http://www.lowyinterpreter.org/post/2014/09/04/Abbott-in-India-agenda.aspx
     
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  3. cobra commando

    cobra commando Tharki regiment Veteran Member Senior Member

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    Australian PM Tony Abbott: India is an emerging democratic superpower

    MUMBAI: Describing India as an "emerging democratic superpower", Australian Prime Minister Tony Abbott today said he looks forward to making the most of the abundant opportunities for business in the country. Kicking off his two-day India visit from the commercial capital, Abbott said Prime Minister Narendra Modi's call "come, make in India" was "close in spirit and in intent" to the phrase he had used in respect of Australia that "we are open for business". "This is a country which has amazed the world over the last few decades with its growth and its development - the world's second most populous country; on purchasing power terms, the world's third largest economy, clearly, the emerging democratic superpower of the world and a country with which Australia has long and warm ties. "The purpose of this trip, as far as I am concerned, is to acknowledge the importance of India in the wider world, acknowledge the importance of India to Australia's future, to let the government and the people of India know what Australia has to offer India and the wider world for our part, and to build on those stronger foundations," he said addressing a 30-member business delegation accompanying him on the trip at Hotel Taj Palace. Noting how India has changed "enormously" since his last visit 33 years ago as a backpacker, Abbott, who has expressed keenness to sign a nuclear deal with the country, said, "I can remember on my first day in Mumbai watching a bullock cart take material to a nuclear power station.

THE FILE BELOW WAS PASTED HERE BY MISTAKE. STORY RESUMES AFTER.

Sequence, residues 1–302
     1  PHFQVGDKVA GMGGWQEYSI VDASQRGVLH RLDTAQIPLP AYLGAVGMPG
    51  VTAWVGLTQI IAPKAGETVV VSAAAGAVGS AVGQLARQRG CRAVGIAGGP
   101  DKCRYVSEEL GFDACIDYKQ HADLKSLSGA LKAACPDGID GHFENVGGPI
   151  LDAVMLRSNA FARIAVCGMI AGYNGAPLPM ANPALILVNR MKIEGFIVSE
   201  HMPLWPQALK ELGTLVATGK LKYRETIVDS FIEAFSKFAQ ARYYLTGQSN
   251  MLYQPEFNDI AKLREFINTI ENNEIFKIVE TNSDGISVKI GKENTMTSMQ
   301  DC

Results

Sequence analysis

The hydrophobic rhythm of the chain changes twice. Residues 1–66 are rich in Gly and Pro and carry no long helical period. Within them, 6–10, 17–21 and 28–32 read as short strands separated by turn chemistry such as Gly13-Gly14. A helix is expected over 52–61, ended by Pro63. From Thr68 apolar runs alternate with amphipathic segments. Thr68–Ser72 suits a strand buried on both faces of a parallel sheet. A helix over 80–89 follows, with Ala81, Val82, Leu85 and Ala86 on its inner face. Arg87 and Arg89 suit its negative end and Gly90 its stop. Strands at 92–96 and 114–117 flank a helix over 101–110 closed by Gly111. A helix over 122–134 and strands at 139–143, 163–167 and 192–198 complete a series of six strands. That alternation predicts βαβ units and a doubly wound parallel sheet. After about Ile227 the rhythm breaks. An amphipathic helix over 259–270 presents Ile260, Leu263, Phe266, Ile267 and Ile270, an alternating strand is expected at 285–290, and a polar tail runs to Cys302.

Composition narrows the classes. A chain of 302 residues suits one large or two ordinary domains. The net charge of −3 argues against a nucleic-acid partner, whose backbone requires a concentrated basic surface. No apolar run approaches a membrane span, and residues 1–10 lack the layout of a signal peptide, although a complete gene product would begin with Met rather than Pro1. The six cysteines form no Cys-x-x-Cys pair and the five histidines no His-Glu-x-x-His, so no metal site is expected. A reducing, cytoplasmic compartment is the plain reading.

Read more here:
    Australian PM Tony Abbott: India is an emerging democratic superpower - The Economic Times
     
  4. Zebra

    Zebra Senior Member Senior Member

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    Abbott defends India uranium deal

    Updated: 6:15 am, Friday, 5 September 2014